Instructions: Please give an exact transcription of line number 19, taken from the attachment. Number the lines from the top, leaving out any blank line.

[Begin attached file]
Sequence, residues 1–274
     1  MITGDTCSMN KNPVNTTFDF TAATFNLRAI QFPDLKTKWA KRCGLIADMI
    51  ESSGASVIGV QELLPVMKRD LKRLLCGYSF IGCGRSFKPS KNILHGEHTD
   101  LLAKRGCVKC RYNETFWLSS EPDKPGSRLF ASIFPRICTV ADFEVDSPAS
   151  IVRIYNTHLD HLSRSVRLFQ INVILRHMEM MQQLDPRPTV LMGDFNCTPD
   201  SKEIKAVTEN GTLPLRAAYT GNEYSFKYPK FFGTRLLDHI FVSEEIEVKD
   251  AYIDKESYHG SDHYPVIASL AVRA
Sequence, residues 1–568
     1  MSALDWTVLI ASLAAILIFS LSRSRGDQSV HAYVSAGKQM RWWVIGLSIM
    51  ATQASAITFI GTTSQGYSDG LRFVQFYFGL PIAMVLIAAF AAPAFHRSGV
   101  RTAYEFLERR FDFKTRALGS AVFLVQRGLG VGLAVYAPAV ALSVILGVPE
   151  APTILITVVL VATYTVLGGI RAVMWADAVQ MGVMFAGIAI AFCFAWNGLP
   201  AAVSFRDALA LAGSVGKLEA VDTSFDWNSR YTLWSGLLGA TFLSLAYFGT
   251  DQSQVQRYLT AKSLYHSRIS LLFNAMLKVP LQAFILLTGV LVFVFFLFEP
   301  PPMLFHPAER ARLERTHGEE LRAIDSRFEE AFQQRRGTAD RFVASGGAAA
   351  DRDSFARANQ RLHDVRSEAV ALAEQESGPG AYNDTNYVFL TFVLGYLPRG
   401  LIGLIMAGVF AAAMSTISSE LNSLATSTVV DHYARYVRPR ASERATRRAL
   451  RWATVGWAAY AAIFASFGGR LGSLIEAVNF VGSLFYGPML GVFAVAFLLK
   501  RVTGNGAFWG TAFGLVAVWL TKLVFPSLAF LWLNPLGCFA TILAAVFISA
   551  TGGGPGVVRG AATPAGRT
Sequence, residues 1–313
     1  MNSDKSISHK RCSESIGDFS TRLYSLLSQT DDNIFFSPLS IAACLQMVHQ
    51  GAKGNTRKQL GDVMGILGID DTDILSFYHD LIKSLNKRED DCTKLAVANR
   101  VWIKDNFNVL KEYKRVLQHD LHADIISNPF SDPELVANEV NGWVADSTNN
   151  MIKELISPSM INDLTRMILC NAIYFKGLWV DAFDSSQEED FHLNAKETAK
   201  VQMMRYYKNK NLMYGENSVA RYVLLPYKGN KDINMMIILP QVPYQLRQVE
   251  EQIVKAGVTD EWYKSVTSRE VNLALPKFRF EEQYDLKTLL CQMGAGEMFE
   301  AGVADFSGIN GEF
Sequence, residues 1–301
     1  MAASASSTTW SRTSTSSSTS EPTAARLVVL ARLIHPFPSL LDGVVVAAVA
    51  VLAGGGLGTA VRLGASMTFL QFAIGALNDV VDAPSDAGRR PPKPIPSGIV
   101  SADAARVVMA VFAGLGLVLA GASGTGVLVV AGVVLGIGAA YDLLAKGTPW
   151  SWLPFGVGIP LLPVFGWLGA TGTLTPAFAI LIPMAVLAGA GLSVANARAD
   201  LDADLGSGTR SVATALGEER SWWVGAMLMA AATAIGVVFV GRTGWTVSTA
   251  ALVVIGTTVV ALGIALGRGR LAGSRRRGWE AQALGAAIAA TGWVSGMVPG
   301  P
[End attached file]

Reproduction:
   501  RVTGNGAFWG TAFGLVAVWL TKLVFPSLAF LWLNPLGCFA TILAAVFISA